Patients with diabetes who participate in a program combining aerobic and high-force eccentric resistance exercise show improvements in glucose control, physical performance, and body-fat composition, according to a study published in the November 2008 issue of Physical Therapy (PTJ), the scientific journal of the American Physical Therapy Association (APTA), Alexandria, Va.
"Although aerobic exercise is what is typically recommended for treating people with diabetes, this study shows that adding a high-force strength training component has significant advantages," says APTA spokeswoman Robin L Marcus, PT, PhD, OCS, assistant professor at the University of Utah’s Department of Physical Therapy and the study’s lead researcher. Diabetes affects some 24 million adults and children in the United States.
The PTJ study, "Comparison of Combined Aerobic and High-Force Eccentric Resistance Exercise With Aerobic-Only Exercise for People With Type 2 Diabetes Mellitus," evaluated 15 people with type 2 diabetes who participated in a 16-week supervised exercise training program: seven in a combined aerobic and eccentric resistance exercise program, and eight in a program of aerobic exercise only.
A podcast titled "Fat, Muscle, and the Benefits of Exercise for People With Diabetes" is available at: www.ptjournal.org/misc/podcasts.dtl. The podcast highlights PTJ‘s diabetes special Issue: "People With Diabetes: A Population Desperate for Movement." (November 2008). Marcus and other experts discuss new information about the roles of fat in people with diabetes, especially fat in muscle, and about how this fat appears to impair muscle function. Paul LaStayo, PT, PhD, the study’s senior author, notes that the eccentric resistance exercise program was specifically designed to increase strength and muscle size, using a recumbent stepper that produced a lengthening contraction, such as when lowering the dumbbell in a bicep curl.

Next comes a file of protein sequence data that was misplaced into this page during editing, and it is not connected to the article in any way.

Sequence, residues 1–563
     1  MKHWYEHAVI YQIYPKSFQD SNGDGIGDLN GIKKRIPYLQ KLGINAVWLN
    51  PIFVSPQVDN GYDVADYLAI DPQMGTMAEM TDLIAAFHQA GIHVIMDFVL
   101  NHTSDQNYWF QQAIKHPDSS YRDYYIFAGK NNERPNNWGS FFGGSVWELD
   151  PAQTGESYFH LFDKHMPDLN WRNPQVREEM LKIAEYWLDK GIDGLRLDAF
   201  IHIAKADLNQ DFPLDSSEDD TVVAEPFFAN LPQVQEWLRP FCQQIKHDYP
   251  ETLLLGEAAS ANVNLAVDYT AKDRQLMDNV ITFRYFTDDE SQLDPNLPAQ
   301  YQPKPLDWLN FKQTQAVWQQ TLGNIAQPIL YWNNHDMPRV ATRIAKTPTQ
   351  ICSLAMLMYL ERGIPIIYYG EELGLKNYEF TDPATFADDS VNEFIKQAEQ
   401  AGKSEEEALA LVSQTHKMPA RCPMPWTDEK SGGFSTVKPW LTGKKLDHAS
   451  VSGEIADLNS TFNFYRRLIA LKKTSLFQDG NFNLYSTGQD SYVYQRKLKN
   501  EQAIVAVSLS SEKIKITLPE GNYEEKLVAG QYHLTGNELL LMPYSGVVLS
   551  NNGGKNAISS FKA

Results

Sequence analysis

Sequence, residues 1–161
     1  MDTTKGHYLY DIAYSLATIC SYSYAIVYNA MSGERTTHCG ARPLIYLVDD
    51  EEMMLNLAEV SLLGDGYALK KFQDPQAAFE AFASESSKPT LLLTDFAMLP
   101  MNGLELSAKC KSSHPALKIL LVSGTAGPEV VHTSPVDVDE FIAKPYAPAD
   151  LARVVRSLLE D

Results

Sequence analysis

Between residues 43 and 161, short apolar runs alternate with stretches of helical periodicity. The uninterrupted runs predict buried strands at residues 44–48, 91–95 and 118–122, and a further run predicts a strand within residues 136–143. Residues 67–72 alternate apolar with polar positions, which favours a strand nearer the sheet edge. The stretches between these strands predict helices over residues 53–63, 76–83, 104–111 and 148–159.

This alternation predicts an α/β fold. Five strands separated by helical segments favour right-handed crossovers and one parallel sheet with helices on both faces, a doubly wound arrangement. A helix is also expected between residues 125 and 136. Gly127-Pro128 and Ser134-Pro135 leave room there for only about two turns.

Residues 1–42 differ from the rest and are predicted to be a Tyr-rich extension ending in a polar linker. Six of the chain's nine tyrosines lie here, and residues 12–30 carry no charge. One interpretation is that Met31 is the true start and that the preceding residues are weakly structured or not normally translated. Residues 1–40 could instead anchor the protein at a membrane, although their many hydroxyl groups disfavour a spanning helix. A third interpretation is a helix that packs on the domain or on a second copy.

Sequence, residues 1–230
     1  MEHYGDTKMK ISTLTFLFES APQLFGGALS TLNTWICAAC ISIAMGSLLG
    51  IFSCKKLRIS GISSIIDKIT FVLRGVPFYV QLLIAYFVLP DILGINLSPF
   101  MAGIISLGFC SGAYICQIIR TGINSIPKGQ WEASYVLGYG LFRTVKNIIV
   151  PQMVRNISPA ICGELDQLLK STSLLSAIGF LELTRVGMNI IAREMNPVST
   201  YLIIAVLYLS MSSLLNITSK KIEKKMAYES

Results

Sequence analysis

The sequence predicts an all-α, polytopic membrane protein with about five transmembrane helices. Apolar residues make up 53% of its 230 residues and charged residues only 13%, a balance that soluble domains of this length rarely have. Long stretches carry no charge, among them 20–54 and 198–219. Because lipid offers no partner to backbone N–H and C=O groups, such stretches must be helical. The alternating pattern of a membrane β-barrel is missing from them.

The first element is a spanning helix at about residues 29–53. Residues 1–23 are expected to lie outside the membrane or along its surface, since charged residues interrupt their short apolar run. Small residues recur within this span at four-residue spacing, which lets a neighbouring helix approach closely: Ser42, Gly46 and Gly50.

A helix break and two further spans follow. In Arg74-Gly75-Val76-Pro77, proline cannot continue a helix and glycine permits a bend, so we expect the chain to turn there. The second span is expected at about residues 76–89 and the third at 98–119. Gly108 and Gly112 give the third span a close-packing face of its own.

After 3 months, Marcus and LaStayo found both groups showed improved glucose control and physical performance in a 6-minute walk, as well as a decrease in fat composition within the leg muscles. "This study is particularly interesting because the patients who did both aerobic and resistance exercise had additional improvements, most notably a decreased overall BMI and a gain in leg muscle," Marcus said.
"Although aerobic exercise is still key in treating diabetes, it should not be used in isolation," she says. "As people age, they lose muscle mass and, subsequently, mobility, resulting in a greater risk of falls. Adding resistance training to the diabetes treatment regimen leads to improved thigh lean tissue which, in turn, may be an important way for patients to increase resting metabolic rate, protein reserve, exercise tolerance, and functional mobility."